“From the moment when he had heard the man in the car begin to shout, and seen the look in his eyes, he had been no Stanton at all but wholly an Old One, dreadfully and suddenly aware of danger. The mindless ferocity of this man, and all those like him, their real loathing born of nothing more solid than insecurity and fear… it was a channel. Will knew that he had been gazing into the channel down which the powers of the Dark, if they gained their freedom, could ride in an instant to complete control of the earth.”
And then, the Light comes back in an equally quotidian way:
“Tea was laid out on the orange wicker table, glass-topped, that stood outdoors with its matching chairs in high summer. Will’s spirits began to rise. For an Old One with the tastes and appetite of a small boy, it was hard to despair for long over the eternal fallibility of mankind when confronted with home-made bread, farm butter, sardine-and-tomato paste, raspberry jam, scones, and Mrs. Stanton’s delicious, delicate, unmatchable sponge cake.”
4. real danger
There are snows that threaten an entire village. A man’s life and livelihood ruined by suspicion and jealousy, which makes him go and change the course of the lives around him. Servants make wrong decisions and exist in a limbo of fear for hundreds of years, and their minds are warped so much they can’t even save themselves when help is offered. A slimy, isolated, covetous totem of the sea haunts the mind of a girl:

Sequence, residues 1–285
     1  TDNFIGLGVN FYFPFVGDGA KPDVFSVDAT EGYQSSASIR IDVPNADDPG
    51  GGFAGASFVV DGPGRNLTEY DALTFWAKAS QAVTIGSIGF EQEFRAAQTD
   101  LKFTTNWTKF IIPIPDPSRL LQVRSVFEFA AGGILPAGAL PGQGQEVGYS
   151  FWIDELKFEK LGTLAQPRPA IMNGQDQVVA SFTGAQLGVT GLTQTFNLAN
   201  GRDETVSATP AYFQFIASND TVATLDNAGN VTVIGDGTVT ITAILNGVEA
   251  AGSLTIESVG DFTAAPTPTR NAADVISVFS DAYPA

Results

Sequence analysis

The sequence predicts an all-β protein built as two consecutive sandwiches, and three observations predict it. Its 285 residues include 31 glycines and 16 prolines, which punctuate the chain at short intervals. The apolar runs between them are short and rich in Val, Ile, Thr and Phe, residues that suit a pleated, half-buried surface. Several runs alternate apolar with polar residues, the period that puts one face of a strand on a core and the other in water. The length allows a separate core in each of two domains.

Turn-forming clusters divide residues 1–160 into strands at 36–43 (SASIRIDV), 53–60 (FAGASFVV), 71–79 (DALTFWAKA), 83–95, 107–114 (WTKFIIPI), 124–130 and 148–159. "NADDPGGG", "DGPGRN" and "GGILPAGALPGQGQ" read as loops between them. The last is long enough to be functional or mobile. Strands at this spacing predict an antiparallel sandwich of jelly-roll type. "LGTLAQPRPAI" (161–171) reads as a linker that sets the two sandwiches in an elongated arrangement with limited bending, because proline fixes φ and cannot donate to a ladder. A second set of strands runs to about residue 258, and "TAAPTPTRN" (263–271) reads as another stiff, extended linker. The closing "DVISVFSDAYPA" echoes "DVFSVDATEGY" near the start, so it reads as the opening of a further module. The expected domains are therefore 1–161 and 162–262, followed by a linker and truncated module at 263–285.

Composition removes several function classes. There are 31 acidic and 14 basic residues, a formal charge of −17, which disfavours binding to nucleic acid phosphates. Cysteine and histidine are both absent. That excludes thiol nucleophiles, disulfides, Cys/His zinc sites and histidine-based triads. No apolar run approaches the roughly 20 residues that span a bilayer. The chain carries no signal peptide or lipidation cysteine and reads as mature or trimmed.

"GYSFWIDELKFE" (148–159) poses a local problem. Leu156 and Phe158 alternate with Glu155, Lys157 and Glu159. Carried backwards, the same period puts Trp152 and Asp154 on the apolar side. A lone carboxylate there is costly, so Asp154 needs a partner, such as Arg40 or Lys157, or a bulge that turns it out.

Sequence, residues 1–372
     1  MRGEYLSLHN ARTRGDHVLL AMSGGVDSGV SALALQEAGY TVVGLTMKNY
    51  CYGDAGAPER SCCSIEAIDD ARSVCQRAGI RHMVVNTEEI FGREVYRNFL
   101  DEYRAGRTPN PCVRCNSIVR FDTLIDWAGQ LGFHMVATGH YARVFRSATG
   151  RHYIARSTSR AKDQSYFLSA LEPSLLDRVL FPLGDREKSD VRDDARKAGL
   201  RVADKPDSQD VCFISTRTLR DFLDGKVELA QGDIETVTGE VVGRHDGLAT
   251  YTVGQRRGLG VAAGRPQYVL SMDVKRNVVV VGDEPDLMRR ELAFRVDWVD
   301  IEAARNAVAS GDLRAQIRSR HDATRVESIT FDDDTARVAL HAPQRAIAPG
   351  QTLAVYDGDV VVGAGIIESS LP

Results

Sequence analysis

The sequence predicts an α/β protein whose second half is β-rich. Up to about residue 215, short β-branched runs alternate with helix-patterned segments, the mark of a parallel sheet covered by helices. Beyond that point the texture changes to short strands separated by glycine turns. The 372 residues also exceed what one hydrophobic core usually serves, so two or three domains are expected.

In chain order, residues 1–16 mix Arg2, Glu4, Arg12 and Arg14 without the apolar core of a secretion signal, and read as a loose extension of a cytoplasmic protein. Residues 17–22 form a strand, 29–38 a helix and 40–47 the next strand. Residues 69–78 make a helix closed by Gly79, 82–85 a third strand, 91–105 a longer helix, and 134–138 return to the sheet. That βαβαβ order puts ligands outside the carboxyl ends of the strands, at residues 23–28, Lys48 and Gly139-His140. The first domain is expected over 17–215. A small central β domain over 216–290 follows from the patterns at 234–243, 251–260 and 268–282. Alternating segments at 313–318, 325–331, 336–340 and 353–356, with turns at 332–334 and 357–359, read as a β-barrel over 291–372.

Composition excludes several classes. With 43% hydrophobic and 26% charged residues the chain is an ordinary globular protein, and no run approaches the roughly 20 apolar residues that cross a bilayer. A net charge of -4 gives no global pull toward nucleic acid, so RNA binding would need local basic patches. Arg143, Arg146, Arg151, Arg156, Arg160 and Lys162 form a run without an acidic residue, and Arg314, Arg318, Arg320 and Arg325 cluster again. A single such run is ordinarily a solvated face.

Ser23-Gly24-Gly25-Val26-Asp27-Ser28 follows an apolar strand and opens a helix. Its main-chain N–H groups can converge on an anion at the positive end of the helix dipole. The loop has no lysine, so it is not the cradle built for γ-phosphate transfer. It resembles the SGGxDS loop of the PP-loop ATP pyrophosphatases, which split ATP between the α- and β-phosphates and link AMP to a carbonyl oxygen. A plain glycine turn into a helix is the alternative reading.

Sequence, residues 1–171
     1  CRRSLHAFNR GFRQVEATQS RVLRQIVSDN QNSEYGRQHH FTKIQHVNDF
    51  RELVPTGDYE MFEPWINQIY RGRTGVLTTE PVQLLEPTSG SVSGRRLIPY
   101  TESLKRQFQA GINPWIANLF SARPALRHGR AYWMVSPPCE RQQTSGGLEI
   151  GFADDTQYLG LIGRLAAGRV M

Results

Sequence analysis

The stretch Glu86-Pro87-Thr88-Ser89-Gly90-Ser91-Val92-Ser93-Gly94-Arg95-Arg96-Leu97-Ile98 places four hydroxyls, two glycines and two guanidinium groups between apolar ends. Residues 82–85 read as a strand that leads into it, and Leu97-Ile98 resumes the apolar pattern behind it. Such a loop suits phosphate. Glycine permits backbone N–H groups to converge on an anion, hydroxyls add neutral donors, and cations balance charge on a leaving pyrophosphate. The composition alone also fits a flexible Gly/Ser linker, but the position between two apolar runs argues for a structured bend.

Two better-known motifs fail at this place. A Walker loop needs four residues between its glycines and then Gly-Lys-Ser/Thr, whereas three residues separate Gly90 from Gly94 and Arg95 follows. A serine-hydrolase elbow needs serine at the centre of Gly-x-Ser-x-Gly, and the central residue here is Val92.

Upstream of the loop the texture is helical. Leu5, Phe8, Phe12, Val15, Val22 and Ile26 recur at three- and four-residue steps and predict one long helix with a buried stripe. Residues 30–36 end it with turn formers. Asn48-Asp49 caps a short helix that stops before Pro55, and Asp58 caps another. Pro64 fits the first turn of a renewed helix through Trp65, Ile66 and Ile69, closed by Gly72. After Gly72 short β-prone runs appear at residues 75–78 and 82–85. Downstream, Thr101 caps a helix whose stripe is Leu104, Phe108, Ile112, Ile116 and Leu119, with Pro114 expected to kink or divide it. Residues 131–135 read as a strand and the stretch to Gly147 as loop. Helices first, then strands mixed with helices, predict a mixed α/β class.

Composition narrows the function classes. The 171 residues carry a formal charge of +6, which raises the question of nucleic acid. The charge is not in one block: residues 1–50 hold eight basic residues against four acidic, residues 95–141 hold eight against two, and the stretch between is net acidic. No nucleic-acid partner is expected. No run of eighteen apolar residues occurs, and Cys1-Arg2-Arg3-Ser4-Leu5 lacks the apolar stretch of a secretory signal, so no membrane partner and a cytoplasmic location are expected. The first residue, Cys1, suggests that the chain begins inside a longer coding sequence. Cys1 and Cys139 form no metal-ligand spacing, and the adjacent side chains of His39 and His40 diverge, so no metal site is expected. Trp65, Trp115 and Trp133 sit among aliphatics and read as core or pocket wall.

“she knew suddenly, out there in the cold dawn, that this silent image somehow held within it more power than she had ever sensed before in any creature or thing. Thunder and storms and earthquakes were there, and all the force of the earth and sea. It was outside Time, boundless, ageless, beyond any line drawn between good and evil. Jane stared at it, horrified, and from its sightless head the Greenwitch stared back. it would not move, or seem to come alive, she knew that. Her horror came not from fear, but from the awareness she suddenly felt form the image of an appalling, endless loneliness.”
5. deep magic
Not only do we have the kind of magic that existed at the Round Table, passed down in an awesome (I say that with full meaning) way through the Book of Grammarye, there is also even older magic. I like to call it space magic in my head, but that’s just me. This is the stuff that can be used for such unearthly things as this accident: